Once upon a time, classic management textbooks suggested that the work of managers is to “plan, organize, direct, and control”¹. Such notions now seem antiquated, and would be amusing were it not for the fact that there is a human tendency to seek simple answers. In a complex world, simplicity is seductive, and simplification tools (which abound in the world of education) become dangerous when applied to strategic issues and problems because they apply a simple structure to an unstructured situation. What then are the implications for managers, and management development?
“Complicate yourselves” is the battle cry offered by Weick², suggesting that managers need to be able to see and understand organizational events and behaviors from several perspectives, rather than a single one. With such significant trends as digital disruption, globalization, the need for sustainable business models, knowledge work and demographic shifts which are outlined in greater detail in other pieces in this journal, having a narrow framework is simply insufficient. The need for multiple lenses and perspectives is recognized by CEOs. In a recent study³ carried out with 200 CEO respondents from around the world, 76% thought it important for senior leaders in their own organizations to have the mindset, skills and abilities to lead in a holistic manner, yet only 8% believed that these skills were present at the moment. There is, therefore, a clear leadership deficit.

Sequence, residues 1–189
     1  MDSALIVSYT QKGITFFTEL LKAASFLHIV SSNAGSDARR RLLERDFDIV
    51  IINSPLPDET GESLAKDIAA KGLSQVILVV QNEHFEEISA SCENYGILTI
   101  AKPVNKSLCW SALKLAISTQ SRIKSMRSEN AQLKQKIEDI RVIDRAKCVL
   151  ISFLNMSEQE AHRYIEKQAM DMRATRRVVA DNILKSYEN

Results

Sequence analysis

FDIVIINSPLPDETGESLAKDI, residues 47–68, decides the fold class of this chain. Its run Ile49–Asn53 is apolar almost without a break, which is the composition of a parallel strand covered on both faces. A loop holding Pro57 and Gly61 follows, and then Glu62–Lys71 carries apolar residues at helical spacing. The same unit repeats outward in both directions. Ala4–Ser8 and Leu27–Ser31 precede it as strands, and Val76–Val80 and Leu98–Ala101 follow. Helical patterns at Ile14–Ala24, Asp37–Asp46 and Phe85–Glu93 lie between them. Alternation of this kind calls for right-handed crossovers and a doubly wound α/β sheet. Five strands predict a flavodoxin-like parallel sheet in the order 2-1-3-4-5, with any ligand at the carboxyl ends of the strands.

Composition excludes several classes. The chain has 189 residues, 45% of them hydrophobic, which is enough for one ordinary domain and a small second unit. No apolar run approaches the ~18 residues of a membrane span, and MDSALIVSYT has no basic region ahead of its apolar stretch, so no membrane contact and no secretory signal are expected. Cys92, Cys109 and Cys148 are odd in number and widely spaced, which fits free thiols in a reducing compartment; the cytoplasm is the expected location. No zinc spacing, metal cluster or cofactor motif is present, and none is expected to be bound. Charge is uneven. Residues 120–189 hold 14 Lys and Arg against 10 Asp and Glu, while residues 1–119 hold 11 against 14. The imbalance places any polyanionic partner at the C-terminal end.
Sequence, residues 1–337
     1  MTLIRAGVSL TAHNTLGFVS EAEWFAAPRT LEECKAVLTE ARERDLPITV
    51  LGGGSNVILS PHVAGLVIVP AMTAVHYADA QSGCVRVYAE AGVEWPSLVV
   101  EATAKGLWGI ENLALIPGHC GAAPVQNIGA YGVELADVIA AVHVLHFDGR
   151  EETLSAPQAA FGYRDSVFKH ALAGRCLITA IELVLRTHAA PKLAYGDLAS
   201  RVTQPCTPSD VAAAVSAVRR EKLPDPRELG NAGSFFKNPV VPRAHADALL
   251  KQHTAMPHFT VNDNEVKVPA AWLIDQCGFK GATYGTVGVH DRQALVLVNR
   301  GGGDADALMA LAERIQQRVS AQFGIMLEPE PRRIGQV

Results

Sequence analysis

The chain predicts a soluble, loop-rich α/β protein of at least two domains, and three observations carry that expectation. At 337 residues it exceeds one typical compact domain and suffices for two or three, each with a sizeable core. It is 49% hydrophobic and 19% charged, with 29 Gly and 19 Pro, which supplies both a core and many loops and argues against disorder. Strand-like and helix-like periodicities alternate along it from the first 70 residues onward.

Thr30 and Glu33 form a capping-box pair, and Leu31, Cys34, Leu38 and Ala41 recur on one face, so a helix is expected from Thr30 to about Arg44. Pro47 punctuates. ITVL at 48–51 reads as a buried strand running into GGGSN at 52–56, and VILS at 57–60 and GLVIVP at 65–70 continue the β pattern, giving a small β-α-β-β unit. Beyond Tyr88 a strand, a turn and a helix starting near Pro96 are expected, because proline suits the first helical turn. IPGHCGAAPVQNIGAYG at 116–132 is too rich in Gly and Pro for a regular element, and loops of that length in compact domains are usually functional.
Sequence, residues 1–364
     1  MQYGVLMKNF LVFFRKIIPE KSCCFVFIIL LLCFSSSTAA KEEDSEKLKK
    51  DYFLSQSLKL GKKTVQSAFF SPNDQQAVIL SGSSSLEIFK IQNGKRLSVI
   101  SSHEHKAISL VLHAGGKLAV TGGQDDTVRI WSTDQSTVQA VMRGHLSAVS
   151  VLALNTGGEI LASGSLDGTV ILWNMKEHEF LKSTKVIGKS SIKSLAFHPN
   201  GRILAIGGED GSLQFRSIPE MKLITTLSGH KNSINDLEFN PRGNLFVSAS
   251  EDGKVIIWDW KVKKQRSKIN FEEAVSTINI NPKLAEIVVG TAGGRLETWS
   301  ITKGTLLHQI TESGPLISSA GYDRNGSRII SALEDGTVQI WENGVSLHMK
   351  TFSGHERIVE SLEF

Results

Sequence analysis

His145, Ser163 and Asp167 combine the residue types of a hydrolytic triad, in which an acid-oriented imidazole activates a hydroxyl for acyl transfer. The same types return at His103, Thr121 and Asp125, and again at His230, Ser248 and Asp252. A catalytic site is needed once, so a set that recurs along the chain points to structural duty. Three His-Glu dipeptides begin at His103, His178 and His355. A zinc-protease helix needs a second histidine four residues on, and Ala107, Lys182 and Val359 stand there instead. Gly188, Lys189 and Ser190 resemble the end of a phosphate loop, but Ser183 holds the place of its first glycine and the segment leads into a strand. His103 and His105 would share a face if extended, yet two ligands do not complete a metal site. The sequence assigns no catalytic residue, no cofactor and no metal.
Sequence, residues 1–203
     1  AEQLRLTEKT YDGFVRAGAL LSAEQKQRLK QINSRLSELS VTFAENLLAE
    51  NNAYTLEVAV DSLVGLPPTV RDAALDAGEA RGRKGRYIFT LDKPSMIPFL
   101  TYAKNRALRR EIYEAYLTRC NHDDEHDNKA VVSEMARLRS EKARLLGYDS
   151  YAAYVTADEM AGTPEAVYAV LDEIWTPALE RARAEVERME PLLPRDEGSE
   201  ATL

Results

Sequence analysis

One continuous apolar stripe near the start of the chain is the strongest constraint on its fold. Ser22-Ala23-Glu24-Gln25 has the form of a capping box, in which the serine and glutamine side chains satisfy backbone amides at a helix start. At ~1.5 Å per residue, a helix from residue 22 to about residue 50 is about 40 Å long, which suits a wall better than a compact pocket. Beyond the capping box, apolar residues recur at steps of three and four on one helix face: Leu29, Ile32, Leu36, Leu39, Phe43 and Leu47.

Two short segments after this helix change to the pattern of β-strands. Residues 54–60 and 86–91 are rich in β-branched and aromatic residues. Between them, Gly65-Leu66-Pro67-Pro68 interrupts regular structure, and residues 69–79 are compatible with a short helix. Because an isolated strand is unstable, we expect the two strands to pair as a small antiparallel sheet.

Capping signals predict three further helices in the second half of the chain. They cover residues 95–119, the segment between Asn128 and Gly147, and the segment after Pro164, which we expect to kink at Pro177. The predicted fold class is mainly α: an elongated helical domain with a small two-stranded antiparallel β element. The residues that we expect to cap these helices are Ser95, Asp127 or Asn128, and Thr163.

We suggest that in the future, managers will require capabilities in four clusters: